Most Vulnerable Countries and the Global Climate Negotiations

The objective of the Most Vulnerable Countries initiative was to assist climate leaders in vulnerable developing countries during the global climate negotiations leading up to the Copenhagen Climate Conference. Climate Analytics was one of the four non-governmental organizations that collaborated on this initiative.

Project period
May 2009–January 2010

Funders
IIED, UK DFID

Partners
International Institute for Environment and Development, Foundation for International Environmental Law and Development, Climate Analytics, E3G

Main Objectives

  • Analytical support to negotiators from vulnerable developing countries: Including technical briefings and workshops on specific issues such as scientific trends, technology transfer, and reducing emissions from deforestation and degradation (REDD).
  • Political, scientific and policy briefings for diplomats, ministers and other representatives: Including updates on the progress of climate negotiations and for example climate and energy legislation in the US and other key developments.
  • Communications advice: Including insights on framing the climate action message for different audiences and making effective use of the media and other public platforms.

Climate Analytics provided analysis of, and briefings on science based issues at the Maldives Climate Vulnerable Forum, the AOSIS Heads of Government summit, climate negotiating sessions, and inter-sessionally, as requested by vulnerable country negotiators.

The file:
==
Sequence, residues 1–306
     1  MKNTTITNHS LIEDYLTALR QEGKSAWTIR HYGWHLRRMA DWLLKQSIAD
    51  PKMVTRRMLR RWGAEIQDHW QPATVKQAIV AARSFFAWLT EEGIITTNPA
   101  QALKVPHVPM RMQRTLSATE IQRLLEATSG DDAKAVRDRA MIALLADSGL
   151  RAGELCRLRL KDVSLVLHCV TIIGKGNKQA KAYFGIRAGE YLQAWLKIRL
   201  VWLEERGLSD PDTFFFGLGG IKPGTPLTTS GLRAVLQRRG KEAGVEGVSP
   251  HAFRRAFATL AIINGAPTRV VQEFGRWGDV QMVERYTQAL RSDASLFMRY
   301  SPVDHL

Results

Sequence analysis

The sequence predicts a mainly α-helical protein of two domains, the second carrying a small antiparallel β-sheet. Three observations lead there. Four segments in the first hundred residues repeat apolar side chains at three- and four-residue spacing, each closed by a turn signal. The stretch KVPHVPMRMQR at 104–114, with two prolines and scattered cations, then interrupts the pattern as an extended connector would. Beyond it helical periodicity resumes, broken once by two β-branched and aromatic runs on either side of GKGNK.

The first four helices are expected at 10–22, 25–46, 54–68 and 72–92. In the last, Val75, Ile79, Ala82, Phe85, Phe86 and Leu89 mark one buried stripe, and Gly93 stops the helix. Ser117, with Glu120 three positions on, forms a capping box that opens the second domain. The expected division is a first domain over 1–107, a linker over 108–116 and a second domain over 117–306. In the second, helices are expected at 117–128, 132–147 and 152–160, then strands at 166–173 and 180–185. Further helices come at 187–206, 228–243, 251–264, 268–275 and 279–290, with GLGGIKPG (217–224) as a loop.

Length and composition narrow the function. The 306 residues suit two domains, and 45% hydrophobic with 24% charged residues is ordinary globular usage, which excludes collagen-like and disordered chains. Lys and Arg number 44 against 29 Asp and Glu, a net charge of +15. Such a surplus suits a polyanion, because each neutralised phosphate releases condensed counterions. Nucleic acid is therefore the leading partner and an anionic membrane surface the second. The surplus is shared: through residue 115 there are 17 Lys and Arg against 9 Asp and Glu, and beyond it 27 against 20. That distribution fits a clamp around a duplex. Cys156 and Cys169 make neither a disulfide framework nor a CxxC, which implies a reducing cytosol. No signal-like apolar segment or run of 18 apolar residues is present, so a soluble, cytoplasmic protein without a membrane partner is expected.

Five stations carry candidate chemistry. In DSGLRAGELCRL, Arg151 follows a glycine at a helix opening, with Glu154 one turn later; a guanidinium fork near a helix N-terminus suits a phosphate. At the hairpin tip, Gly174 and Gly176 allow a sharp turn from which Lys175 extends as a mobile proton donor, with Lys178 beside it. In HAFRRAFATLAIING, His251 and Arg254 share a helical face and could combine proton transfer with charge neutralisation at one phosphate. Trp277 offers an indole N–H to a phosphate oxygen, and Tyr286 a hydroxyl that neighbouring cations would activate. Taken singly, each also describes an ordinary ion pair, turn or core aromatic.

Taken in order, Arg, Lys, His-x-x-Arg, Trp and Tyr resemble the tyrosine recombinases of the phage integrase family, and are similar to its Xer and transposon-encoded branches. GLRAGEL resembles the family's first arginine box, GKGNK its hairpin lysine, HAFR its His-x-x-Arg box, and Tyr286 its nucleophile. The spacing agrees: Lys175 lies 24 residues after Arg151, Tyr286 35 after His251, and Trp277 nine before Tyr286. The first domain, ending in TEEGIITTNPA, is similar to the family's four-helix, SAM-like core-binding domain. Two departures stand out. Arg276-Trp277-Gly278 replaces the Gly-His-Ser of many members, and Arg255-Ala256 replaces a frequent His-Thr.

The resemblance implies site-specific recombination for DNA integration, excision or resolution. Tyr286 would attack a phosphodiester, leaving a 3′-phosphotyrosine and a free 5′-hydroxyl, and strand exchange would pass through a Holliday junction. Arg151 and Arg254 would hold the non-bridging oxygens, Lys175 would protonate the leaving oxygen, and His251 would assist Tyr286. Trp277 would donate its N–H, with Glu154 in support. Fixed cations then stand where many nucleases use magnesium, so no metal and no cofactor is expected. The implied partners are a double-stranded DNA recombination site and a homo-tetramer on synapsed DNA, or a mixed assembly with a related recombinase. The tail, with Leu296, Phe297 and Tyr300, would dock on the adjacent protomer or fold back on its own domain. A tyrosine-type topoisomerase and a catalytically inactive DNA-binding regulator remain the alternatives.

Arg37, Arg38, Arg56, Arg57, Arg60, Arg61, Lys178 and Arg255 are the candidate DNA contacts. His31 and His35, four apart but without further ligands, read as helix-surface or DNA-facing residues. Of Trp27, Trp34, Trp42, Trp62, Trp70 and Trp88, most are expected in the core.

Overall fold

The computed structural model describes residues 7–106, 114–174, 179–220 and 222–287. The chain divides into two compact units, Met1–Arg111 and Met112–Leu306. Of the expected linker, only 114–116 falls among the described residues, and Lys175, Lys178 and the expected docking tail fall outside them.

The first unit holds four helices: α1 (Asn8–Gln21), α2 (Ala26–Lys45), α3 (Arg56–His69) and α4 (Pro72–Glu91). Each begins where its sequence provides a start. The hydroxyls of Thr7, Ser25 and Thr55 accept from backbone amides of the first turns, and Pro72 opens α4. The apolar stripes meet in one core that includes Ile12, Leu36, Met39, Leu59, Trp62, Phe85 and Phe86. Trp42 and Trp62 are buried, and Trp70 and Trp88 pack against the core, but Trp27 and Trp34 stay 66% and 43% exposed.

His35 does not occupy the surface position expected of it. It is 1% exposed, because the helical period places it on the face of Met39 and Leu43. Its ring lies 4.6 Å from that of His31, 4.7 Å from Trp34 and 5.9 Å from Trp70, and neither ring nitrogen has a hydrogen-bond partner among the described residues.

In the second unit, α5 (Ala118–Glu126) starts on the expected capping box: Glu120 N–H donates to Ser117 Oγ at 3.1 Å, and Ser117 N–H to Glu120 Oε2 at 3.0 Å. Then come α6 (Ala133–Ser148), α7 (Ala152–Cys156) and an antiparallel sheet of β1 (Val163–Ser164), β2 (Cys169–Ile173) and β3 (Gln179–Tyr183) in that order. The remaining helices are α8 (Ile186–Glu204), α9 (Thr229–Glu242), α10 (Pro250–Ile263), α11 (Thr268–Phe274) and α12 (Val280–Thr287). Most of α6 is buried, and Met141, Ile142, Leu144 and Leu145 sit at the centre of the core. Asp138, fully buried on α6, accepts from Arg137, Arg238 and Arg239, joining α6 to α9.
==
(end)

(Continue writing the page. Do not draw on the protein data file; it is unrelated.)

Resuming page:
The Climate Analytics team focused in the area of climate mitigation namely: scale of emission reductions by Annex I countries, shared vision, response measures, the risks and impacts of climate change for vulnerable countries of 1.5° or 2oC, Land Use, Land Use Change and Forestry issues, reducing emissions from deforestation and forest degradation, finance and Nationally Appropriate Mitigation Actions in developing countries and prepared analysis of global, regional and national emission proposals and their climate risk implications.

For more details of the project, see the attached file

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